Architects Fees, How to Earn More While Also Giving a Better Service

New York architects love to complain about their income. When times were good, we imagined ourselves hard done by in comparison to other professions. These days, when every trade and profession is suffering, we are no longer the solo performer but just another voice in the choir, despairing at reducing fees and vanishing jobs. The older Architects whom I know personally, get all misty eyed when they talk about a supposed golden age of never ending commissions and high fees. The times they refer to are the post-war decades leading up to the 1980’s. During this time, they tell me that Architects (and other professionals) best fee earner was the Mandatory Fee-Scale.

Fee-Scales are lists, drawn up by professional bodies, that describe how much each member of that body must charge for a given type of job. For example, all dentists agreeing to charge £50 to remove a tooth, no dentist is allowed to charge any more or any less. This gives the consumer cost certainty, you know how much you will be charged and you know every dentist will charge the same, so you go to the dentist you prefer the most (or dislike the least).

The same was true for Architects, we all agreed to charge the same rate for the same work, there was no competition. Many Architects blame Margaret Thatcher for abolishing mandatory fee scales but in fact it began in 1977, before she came into power, the Monopolies and Mergers Commission started the process, not the Tories. The Office of Fair Trading stuck the boot in around 1986, ruling that Mandatory Fee Scales were anti-competitive.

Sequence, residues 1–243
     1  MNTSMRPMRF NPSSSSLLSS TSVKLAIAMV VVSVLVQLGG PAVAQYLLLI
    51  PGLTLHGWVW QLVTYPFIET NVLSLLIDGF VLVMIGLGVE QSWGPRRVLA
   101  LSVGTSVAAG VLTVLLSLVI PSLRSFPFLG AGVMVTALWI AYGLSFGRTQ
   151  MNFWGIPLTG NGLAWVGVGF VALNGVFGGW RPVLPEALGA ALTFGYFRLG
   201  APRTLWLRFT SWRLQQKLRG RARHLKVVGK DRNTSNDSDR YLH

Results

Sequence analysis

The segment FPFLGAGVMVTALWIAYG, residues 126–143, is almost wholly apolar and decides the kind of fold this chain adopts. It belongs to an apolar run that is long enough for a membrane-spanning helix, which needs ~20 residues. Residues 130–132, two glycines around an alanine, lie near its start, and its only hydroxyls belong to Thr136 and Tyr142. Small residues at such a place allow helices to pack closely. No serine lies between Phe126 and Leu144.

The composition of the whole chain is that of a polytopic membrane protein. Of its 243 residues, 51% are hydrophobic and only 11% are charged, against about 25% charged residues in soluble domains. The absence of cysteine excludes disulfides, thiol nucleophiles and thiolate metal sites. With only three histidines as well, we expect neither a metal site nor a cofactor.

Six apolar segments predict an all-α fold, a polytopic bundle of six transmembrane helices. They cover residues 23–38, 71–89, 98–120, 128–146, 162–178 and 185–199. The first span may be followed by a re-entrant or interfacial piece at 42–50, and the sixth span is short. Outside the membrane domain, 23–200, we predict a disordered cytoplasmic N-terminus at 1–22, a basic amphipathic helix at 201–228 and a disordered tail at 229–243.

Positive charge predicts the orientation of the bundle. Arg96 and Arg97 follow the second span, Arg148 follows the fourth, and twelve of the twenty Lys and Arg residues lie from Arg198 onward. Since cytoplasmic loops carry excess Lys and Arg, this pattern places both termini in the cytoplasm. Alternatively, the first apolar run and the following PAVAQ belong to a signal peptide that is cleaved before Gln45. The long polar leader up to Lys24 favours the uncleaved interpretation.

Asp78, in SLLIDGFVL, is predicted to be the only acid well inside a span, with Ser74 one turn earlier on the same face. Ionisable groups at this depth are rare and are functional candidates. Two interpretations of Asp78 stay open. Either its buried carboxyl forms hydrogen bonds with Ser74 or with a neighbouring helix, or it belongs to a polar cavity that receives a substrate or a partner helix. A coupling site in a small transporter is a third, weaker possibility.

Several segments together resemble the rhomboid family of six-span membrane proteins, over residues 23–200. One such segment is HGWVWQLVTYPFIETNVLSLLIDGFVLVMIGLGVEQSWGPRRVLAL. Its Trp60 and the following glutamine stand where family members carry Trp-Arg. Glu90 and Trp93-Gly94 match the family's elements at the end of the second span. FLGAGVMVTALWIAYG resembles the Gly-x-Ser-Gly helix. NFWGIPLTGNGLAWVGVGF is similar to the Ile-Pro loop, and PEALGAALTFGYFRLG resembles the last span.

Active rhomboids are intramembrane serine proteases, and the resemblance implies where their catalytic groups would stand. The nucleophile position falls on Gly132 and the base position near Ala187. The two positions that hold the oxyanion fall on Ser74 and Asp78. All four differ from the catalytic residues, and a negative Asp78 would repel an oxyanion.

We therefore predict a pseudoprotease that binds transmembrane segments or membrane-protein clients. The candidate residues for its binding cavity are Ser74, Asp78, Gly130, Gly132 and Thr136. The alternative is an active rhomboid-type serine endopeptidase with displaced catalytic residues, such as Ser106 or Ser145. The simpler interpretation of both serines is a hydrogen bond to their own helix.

But even before that, in 1982, the RIBA changed the Mandatory Fee Scales to Recommended Fee Scales. It was around this time that the Architecture profession began what economists call, a race to the bottom. We began undercutting each other to win work. Whereas before, a consumer chose an Architect based only on their reputation and the quality of their work, now they can choose based on the cost of the service as well. Only in many cases they don’t, they choose based on the cost of the service and nothing else.

Since the early 80’s there has been a constant chorus of complaint from architects, that ever dwindling fees leads to poorer buildings and more dis-satisfied clients. This in turn, they say, has lead to Architects losing their financial and social status. According to these disgruntled designers, the solution is to re-introduce Mandatory Fee Scales. Of course this is illegal under UK and EU law, it’s a dead end. For a profession famed for its creativity, this approach shows a remarkable lack of lateral thinking.

So what can we do to improve our income while also giving the consumer the benefit of choice? I suggest that each practise should clearly publish their Architects Fees for standard items of work. Whether its the hourly rate charged for each member of staff or the fee for each type of service. This will give the public a clear idea of how much they will be charged and it will let others within the profession know where their fees fit in relation to other Architects.

At present, the main way for an Architect to gauge how much to charge is to consult the Mirza and Nacey fees guides. This publication surveys Architects across the UK and publishes the going rate for most main types of work; residential, commercial, education, healthcare etc. It lists the fees charged on sliding scale with the construction costs, the more expensive the build the bigger the architects fee. The main report for this year costs £195. It tends to be bought by Architects and is not something the average consumer will purchase.

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